William Hague orders rescue flight for stranded Britons

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The Foreign Office will send a charter flight to Egypt tomorrow to help stranded Britons, with further flights on standby if necessary, Foreign Secretary William Hague said today.

At Commons question time, Mr Hague said the Government was doing everything possible to ensure the safety of British people in Egypt as mass protests are stepped up.



He told Labour's Fiona O'Donnell (East Lothian): "We have been advising people in Cairo or Alexandria or Suez to leave if they can if they don't have any pressing reason to remain.



"The vast majority of those wishing to do so have been able to do so on commercial flights.



"But I've also decided to send a charter aircraft to enable further British nationals to leave the country if they wish to do so.



"That will set off for Egypt tomorrow and I will send further flights if necessary just to make sure that people are able to leave if they wish to do so."









Mr Hague said the Government welcomed Vice President Omar Suleiman's statement that he intended to contact opposition parties to discuss political reform.



"But the new cabinet appointed by President Mubarak this week is disappointing in that it does not constitute the broad-based representative government that the people of Egypt seem to be seeking and we continue to make this clear to the Egyptian authorities," he said.



Mr Hague is set to call the Vice President later this afternoon.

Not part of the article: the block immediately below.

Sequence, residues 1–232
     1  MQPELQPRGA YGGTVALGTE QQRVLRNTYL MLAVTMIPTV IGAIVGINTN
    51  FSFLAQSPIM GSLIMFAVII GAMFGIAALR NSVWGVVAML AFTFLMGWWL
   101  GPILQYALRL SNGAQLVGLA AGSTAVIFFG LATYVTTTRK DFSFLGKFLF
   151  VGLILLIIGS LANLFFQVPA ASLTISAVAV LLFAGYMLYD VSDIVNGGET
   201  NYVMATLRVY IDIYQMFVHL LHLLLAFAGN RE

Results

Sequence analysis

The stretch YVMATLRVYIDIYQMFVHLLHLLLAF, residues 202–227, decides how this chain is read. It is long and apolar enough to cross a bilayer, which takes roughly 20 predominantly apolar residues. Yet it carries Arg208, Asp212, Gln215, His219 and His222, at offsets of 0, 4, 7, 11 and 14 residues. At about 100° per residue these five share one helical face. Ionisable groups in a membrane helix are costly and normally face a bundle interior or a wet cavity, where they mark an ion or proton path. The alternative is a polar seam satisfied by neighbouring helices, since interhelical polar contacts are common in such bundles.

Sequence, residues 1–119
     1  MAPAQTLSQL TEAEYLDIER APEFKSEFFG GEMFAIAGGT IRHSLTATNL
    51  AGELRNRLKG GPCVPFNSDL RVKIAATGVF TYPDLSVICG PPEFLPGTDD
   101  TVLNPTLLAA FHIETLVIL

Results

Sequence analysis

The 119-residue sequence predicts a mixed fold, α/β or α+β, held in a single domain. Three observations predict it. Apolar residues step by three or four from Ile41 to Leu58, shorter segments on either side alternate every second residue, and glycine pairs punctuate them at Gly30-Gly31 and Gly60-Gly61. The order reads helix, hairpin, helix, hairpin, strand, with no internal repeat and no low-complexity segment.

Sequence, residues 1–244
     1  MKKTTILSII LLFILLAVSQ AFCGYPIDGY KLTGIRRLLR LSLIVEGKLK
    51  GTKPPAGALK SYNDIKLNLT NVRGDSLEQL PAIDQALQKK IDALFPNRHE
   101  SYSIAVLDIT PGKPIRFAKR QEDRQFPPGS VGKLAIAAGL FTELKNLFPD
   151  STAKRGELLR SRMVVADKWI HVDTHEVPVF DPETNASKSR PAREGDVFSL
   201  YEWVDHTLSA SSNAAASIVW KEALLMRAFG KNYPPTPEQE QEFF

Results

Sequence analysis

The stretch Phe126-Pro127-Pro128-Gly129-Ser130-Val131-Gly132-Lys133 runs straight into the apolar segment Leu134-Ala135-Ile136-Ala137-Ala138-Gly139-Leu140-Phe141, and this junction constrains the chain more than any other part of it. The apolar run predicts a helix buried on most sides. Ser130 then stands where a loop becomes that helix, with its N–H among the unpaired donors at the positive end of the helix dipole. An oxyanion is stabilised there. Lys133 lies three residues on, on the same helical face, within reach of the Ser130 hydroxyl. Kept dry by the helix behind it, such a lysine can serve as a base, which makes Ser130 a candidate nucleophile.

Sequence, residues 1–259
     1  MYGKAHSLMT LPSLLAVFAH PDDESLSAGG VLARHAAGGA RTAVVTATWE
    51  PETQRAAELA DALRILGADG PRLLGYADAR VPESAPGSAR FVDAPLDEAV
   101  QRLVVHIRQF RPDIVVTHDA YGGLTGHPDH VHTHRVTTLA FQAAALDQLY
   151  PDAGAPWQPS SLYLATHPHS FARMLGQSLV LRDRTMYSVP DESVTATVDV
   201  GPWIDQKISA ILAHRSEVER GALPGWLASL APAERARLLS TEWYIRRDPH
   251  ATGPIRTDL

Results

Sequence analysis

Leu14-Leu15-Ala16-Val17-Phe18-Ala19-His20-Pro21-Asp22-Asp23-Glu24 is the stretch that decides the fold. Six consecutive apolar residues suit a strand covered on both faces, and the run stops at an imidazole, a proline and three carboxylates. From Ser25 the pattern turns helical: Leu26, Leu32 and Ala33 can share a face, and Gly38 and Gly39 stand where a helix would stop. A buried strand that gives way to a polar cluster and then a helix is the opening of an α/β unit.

Shadow foreign secretary Douglas Alexander urged Mr Hague to press the importance of "free and fair elections and broad-based government" to Vice-President Suleiman.



Mr Hague replied: "That is the direction in which we would like the Egyptian authorities to move.



"As I say, it has been disappointing that the new cabinet is not the broad-based administration that we, the whole of the rest of the European Union and so many others of Egypt's friends in the world, were looking for in this situation.



"So we continue to urge them to take the necessary steps, to form such a government and to make sure that there is real and visible reform, believable reform, presented to the people of Egypt, as well as effective guarantees of free and fair elections.



"And we think it is necessary for them to respond to the demands of the Egyptian people and to do so quickly if there is to be an orderly transition rather than a very violent and disorderly situation."







Conservative Anne Main (St Albans) spoke of constituents who had booked holidays to Sharm el Sheikh.



"What advice can you offer them because they are being obliged by their travel companies to go on this holiday even though they don't wish to?" she asked.



Mr Hague said: "We take great care over our travel advice and we review it not only day by day but hour by hour.



"We constantly review the advice on the Red Sea resorts but I have to advise your constituents to keep in close touch with the travel company and if we feel it necessary to change the travel advice, we will do so and work with the travel companies in doing so."

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